“Potatoes need nitrogen, and our system doesn’t hold nitrogen, so how do you find a balance?” said Wang. “That’s the question we’re trying to address right now with different strategies.”


All water is not created equal; there are distinct differences between rainwater and irrigated surface or city water. Normal irrigation water can be hard due to high sedimentation and mineralization, and nutrients can lock up when sodium is present. Rainwater, on the other hand, passes through layers of atmospheric magnetic fields, picking up a charge as it does.

Magnation Water Technologies’ in-line conditioning product, Turbolator, utilizes physics, rather than chemistry, to condition water. Image courtesy of Magnation.

Magnation Water Technologies manufactures advanced water conditioning and correcting products that offer chemical-free, energy-free and maintenance-free solutions for sustainable water use. Its in-line conditioning product, Turbolator, utilizes physics, rather than chemistry, to condition water.

According to Mike Jenzeh, CEO, naturally charged rainwater better penetrates the ground, hydrates plants and improves nutrient uptake. This understanding was the impetus behind the development of the Turbulator.

Jenzeh said the approach reduces pumping costs, improves hydration, maintains nutrients, neutralizes pH, reduces saline content and separates gasses.

At the molecular level, non-water components, including dissolved gasses and particulates, are separated out. At the same time, magnets are used to induce charging, which causes perturbation that breaks up longer and flake-like structures. It also causes agglomeration or clustering, which lets common elements such as calcium pass through plumbing without sticking. The resulting ‘true’ water content has a reduced coefficient of friction when it meets piping, so pumps can move volumes using much less energy —as much as 10% to 15%.

“If you’re drinking the water, it hydrates more efficiently,” said Jenzeh. “If you’re using it for irrigation, it turns your irrigation water into rain-like water.”

“This product helps improve water penetration and betters water retention,” he added. “So (farmers) end up using less water. For average center pivots, it’s a savings of about 5 million gallons of water when they use this.”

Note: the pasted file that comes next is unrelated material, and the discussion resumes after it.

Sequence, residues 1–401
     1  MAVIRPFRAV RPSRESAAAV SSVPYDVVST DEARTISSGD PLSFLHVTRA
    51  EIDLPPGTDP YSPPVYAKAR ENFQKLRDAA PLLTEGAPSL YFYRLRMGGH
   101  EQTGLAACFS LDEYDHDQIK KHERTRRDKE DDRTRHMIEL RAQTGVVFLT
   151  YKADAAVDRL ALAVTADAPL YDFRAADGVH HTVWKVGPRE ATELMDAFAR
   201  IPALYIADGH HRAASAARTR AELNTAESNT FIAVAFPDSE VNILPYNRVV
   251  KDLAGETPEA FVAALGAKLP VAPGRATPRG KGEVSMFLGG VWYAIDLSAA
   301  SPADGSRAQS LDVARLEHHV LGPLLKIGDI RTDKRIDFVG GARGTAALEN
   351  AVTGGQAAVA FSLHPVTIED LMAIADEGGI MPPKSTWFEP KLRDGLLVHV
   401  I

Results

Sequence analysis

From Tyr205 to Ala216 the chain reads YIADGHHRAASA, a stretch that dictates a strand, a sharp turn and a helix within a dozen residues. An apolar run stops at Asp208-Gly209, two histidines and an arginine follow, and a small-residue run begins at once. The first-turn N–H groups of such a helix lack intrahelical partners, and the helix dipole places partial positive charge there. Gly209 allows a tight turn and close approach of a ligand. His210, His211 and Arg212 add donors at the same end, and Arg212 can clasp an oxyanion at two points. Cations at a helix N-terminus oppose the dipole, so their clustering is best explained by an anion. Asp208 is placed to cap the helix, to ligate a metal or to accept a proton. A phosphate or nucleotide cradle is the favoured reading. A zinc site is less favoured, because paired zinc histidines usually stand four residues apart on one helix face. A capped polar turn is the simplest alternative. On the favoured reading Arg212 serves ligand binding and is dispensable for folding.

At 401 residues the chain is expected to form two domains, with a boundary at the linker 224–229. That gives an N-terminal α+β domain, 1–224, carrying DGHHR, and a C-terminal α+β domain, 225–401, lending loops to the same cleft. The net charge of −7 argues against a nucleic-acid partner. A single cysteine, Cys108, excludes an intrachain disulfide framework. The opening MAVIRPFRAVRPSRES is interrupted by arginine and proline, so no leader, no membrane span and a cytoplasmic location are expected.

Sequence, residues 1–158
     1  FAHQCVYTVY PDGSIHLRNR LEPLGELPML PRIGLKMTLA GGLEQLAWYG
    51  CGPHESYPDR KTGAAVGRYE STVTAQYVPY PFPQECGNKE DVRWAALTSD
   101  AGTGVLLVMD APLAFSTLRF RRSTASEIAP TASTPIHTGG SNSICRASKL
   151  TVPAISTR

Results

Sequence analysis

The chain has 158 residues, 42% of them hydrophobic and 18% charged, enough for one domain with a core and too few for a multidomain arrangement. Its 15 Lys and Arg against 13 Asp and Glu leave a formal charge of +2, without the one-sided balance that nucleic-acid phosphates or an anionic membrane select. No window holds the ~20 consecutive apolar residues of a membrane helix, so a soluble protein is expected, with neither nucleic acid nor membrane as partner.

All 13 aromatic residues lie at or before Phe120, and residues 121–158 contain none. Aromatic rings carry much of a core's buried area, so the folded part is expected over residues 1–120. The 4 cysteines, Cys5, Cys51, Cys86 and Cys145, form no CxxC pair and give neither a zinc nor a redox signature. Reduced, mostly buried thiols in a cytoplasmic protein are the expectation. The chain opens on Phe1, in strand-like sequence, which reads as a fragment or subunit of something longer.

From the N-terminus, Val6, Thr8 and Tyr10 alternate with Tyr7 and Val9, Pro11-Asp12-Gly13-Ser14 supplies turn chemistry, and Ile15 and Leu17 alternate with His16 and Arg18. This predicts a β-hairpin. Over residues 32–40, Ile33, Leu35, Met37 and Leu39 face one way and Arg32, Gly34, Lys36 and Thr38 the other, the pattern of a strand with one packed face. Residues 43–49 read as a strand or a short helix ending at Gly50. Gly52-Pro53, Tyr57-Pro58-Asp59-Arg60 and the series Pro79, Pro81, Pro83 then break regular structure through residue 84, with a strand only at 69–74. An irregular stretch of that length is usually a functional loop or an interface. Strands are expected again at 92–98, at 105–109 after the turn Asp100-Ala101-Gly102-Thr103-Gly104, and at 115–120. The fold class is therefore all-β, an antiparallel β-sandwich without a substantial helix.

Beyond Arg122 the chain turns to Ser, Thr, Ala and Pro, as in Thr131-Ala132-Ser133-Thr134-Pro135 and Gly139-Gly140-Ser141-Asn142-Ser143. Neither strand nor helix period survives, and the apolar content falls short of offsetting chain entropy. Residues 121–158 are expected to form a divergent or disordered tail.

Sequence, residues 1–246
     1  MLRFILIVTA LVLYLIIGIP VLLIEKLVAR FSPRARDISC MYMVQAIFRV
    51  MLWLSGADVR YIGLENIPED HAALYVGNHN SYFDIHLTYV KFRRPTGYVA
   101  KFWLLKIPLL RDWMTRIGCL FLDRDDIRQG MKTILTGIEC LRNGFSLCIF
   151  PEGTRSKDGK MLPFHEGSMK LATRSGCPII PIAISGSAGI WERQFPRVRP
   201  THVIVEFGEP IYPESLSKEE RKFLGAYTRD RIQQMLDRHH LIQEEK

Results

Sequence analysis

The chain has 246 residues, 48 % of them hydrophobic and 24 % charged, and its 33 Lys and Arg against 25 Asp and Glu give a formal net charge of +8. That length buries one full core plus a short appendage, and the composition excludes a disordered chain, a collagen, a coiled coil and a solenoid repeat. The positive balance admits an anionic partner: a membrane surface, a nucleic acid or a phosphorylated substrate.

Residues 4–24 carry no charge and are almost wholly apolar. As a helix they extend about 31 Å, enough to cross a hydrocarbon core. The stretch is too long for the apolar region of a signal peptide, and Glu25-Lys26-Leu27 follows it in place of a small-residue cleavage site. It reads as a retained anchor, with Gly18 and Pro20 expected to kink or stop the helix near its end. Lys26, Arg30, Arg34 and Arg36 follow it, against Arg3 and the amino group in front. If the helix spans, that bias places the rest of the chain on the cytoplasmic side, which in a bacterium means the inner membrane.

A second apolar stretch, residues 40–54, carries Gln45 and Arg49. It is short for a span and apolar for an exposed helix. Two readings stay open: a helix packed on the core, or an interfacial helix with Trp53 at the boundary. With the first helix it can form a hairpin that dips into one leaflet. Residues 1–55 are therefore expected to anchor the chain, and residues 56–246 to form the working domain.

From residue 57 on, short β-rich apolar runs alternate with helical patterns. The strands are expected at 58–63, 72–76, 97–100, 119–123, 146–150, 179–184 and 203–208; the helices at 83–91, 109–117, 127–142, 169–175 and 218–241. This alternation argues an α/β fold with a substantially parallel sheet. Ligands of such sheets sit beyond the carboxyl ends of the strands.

Idaho potato grower Bryan Searle was introduced to Magnation water treatment products through one of his equipment salesmen. He decided to give it a try on a three-quarter mile long field. He was using one irrigation pivot on the south end of the field, and one on the north end. He installed the Turbolator on the north half of the field and left the southern half untreated.

“Our nitrogen levels, in fact, all of our levels were higher on those fields that were treated with Magnation,” Searle said. “We tested and monitored the crops throughout the year and we also found that the Magnation side was wetter than the south side.”

The increased hydration allowed Searle to intermittently shut irrigation off in the northern part of the field, helping him to save water.

“We saved about one week’s worth of irrigation,” he said. “At least 10% less water was needed on the Magnation side.”

Searle said he was also able to reduce fertilizer use on the field treated with the Turbolator.

“We used 30 units less of nitrogen, and still had higher petiole readings,” he said. At the time of installation, 30 units of nitrogen cost about $18 an acre. He was happy with the savings realized on the 130-acre piece of land.

Searle now has several units on parts of his 2,500-acre farm. Although he’s not been able to pinpoint why, he gets better results from aquifer water rather than surface water. He suspects it has something to do with pH but hasn’t had time to run proper trials.

75 Applewood Dr. Ste. A
P.O. Box 128
Sparta, MI 49345